* * * * ½
(Funny, odd-couple tale of racism)
Rhode Island's own Peter Farrelly, who with his brother has directed some pretty silly movies, has come up with our favorite movie so far this year. Watch out, Academy Awards!
"Green Book" is the story of Tony Vallelonga (Viggo Mortensonen), an unsophisticated, tough Italian-American Copacabana bouncer, who takes a job as driver/bodyguard for a sophisticated, African-American concert pianist (Dr. Don Shirley) embarking on a two-month tour of the Deep South in 1962.
Inspired by a true story, Green Book is filled with historical social statements, giving us a feel for the difficult conditions for African Americans, especially in the south.
The title of the movie refers to an actual book written by an African-American, documenting hotels, motels, restaurants and other facilities where the "coloreds" could patronize, in addition to Sundown towns where they couldn't be seen at night for fear of arrest. (We know of an African-American minister friend who had that experience just last year.)
There are some tense moments as the two men travel deeper and deeper into the south, where Dr. Shirley played for rich white audiences and was treated royally while on stage, but couldn't use their bathrooms, eat in their restaurants or patronize their stores. That's the serious side of the story.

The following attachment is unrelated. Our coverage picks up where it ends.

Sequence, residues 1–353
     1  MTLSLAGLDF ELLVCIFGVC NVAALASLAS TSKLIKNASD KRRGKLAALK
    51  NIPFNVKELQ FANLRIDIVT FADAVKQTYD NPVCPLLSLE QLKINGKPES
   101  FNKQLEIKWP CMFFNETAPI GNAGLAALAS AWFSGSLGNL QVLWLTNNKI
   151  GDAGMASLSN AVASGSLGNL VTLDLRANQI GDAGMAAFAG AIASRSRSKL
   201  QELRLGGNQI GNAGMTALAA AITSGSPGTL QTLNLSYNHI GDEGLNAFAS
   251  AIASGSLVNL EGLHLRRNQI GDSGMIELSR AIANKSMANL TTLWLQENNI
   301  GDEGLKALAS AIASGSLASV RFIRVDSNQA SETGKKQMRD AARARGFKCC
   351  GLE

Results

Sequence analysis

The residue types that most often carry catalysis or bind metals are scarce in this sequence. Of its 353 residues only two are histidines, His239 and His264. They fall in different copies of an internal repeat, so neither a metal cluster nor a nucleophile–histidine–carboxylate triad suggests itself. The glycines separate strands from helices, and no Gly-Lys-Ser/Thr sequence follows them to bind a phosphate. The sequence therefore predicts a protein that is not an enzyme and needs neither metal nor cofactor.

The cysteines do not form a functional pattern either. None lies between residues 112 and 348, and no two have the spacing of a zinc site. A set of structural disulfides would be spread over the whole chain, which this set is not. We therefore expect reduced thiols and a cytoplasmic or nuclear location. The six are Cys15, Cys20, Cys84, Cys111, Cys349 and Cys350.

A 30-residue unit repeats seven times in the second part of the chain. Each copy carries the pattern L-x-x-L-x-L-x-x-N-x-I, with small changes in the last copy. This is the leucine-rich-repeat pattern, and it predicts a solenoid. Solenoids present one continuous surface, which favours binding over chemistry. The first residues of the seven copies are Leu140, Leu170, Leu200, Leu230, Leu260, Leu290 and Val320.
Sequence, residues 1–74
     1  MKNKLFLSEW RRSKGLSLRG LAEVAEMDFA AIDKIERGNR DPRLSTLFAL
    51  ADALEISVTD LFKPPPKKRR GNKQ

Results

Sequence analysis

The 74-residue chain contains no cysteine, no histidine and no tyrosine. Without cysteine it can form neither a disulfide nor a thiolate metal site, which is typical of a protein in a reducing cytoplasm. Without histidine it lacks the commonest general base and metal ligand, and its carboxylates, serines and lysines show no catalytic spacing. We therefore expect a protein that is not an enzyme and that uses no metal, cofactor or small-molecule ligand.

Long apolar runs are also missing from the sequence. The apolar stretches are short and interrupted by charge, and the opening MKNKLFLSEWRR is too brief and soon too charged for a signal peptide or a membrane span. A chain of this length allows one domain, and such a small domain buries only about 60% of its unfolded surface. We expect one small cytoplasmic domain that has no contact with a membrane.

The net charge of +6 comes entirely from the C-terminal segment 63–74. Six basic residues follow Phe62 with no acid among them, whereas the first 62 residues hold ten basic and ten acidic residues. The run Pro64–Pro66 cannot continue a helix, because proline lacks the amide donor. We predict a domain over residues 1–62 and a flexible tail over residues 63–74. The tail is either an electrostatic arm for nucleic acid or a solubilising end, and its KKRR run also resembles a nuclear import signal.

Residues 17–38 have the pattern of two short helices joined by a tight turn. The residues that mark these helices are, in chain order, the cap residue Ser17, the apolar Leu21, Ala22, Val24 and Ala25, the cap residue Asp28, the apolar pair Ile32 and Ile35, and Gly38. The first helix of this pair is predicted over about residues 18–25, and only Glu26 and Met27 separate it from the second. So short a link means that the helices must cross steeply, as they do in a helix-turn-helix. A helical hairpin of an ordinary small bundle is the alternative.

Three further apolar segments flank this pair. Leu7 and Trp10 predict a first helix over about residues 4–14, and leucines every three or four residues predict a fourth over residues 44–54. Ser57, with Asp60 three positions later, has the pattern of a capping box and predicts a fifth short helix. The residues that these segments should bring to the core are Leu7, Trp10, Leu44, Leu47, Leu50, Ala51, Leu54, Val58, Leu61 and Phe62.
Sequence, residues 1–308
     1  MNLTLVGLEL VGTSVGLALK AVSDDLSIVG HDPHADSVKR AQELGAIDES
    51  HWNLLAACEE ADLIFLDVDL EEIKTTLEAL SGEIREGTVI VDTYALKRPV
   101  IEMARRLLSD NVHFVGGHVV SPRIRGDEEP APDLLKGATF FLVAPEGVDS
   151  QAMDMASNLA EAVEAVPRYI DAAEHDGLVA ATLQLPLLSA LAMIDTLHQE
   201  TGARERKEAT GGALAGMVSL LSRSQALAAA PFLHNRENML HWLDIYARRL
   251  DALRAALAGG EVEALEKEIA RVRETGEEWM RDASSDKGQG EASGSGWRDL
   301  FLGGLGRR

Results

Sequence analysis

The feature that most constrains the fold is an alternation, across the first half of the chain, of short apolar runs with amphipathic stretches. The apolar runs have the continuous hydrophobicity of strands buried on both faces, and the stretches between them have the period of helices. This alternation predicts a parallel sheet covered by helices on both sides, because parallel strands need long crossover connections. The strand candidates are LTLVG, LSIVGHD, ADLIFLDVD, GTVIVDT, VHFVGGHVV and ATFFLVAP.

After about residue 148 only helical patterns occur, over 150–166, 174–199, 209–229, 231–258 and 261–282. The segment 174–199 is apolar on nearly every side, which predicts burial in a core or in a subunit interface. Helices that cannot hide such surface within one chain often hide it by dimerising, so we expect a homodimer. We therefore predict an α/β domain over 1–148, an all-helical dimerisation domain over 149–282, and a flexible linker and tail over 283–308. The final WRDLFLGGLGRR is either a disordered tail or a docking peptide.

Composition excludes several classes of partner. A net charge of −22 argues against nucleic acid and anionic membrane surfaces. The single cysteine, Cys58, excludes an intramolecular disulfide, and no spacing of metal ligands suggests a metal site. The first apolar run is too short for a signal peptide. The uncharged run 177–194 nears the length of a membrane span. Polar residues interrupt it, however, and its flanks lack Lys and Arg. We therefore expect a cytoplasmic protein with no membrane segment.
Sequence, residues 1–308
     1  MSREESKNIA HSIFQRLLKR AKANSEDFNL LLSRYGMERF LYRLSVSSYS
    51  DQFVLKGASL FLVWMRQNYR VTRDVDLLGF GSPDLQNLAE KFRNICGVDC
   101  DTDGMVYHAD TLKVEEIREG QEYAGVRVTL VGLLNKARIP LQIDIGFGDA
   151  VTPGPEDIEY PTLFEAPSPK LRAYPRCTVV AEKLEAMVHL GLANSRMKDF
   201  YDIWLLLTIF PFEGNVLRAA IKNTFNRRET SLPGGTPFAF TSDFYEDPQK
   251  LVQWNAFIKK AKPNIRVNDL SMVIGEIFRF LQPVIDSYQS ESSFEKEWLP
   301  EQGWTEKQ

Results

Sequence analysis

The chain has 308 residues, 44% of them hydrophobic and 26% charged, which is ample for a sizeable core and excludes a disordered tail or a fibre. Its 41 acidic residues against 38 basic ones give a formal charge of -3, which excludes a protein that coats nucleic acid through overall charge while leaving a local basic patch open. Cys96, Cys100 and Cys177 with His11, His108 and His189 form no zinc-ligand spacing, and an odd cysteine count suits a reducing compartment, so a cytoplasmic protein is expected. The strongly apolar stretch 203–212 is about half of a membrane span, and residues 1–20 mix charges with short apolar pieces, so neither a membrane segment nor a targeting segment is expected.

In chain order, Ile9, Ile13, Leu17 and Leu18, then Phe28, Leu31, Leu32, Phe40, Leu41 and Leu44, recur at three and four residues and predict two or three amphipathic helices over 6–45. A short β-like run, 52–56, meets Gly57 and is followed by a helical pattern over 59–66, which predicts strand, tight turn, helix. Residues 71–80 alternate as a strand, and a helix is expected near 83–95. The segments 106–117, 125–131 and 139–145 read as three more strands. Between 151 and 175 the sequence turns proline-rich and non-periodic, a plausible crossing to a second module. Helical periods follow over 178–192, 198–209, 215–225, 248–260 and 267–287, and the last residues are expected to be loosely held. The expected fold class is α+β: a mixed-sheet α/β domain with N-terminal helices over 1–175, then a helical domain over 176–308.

You'll cheer as Tony takes care of his employer as the two opposites learn much from each other. The growing relationship, sharing of different cultures and upbringing slowly turns misunderstanding into empathy and true friendship.
Each has a narrow assessment of each other's race. Dr. Shirley has never eaten fried chicken, let alone use an outhouse marked for "colored.” Tony doesn't know how to express himself in letters written to his wife. They teach each other both practical and cultural things in some of the best and funniest dialogue you will ever hear in a movie.
In spite of the serious subject of prejudice, this is one funny movie, breaking down barriers and misinformation. Mortensen and Mahershala are so very good in their roles, you will wish a Best Actor Oscar for both of them. We can't remember leaving a movie so fulfilled.
Rated PG-13, with some profanity, racial epithets and one very subtle sexual reference.